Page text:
Moreover, while breast milk is produce locally and on demand, bottle-feeding products are often transported considerable distances by multinational companies. Eisenburg points out that “Artificial milk involves; overgrazing of land by cattle, use of chemical fertilizers to grow the soy, use of valuable environmental resources for formula production, packaging and transporting of the product, use of water and fuel in mixing and heating the product, waste disposal of the cans, bottles, accessories, cartons, etc. Artificial feeding increases societal and personal health care costs and detrimentally effects the environment” (56).
According to the Surgeon General of the United States, thirty to forty percent of new mothers start off breast feeding their babies. The official goal of the Surgeon General’s office is to double the number so that seventy five percent of new mothers are breast-feeding. The women least likely to breast feed are low-income women. Unfortunately, these are the very women who are most likely to become obese after pregnancy and whose babies could most benefit from the long-term health benefits of breast feeding. “Ever since Eve put Cain to suckle for the first time, breast-feeding has been coming naturally to mothers and newborns.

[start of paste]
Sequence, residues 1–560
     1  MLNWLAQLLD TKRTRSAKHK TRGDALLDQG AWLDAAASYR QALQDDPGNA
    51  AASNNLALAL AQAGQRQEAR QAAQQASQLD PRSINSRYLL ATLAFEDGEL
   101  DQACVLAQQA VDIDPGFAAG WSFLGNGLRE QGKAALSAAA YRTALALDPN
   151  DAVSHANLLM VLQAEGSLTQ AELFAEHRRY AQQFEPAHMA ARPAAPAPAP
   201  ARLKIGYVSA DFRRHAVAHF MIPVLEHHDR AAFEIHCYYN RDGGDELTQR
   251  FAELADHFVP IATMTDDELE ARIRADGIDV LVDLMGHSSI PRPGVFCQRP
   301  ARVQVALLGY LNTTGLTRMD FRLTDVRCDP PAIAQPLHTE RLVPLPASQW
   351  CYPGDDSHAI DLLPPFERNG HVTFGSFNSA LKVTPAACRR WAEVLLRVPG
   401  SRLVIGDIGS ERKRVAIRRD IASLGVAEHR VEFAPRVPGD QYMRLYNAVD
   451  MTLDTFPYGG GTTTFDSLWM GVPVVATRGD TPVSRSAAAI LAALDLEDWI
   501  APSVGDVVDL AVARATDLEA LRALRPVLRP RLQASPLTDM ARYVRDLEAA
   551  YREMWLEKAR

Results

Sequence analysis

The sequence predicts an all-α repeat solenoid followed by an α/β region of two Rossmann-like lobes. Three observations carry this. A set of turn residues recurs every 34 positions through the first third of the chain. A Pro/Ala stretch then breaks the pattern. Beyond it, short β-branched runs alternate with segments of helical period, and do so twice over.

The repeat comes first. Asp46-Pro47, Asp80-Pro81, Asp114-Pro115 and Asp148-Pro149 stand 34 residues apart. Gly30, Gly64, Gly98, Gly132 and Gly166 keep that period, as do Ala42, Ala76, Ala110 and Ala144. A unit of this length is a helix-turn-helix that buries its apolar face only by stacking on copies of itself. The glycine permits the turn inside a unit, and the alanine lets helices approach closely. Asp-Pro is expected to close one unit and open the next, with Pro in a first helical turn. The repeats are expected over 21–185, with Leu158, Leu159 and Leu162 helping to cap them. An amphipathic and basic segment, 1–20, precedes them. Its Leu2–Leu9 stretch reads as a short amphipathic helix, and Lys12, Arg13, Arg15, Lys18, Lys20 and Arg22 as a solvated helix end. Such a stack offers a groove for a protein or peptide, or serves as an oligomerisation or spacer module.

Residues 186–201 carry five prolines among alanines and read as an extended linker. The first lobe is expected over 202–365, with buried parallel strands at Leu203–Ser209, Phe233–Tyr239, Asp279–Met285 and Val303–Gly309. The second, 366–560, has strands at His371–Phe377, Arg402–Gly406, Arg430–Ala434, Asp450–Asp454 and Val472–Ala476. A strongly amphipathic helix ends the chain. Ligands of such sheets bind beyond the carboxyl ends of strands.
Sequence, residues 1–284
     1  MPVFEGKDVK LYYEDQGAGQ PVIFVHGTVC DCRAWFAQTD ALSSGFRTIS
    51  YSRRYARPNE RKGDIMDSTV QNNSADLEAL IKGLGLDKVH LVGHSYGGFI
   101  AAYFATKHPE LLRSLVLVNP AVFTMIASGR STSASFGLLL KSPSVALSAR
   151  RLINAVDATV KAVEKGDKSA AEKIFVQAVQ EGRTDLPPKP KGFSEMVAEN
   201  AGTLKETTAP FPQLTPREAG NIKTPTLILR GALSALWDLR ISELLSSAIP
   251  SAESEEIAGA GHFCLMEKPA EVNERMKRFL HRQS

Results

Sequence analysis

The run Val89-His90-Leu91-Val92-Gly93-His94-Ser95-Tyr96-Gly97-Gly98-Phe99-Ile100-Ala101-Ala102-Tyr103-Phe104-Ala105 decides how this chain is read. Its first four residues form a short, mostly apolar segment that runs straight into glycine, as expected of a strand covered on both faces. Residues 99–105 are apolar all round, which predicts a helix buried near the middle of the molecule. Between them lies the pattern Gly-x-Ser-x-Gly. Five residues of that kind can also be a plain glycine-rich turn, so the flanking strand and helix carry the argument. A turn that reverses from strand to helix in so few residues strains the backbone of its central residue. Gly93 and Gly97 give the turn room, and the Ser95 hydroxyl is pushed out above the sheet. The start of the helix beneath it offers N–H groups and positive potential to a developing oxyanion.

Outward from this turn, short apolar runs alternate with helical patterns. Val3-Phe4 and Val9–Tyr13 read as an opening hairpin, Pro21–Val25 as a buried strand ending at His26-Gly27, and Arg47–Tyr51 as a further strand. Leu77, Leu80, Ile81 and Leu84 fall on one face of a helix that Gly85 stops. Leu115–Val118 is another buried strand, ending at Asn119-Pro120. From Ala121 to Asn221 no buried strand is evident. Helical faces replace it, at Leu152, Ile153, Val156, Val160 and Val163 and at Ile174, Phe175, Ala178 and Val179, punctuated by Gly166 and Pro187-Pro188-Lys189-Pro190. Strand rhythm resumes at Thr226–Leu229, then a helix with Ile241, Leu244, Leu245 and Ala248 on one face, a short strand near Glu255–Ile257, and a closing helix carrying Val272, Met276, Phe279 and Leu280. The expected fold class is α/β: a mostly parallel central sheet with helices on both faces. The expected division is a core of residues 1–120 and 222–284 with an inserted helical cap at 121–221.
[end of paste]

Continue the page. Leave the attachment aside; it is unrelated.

Right? Well, that is not always the case, at least not right away” (McGough). Eisenberg would agree to this statement. Although nursing does come naturally, he believes “It comes naturally a little later for some mothers and babies than others”(58). Sometimes there are physical factors that hamper those first few attempts; at other times it’s just a simple lack of experience of both participants. Whatever might be keeping the baby and the breasts apart, it won’t be long before they are in perfect sync, as long as the mother doesn’t give up first.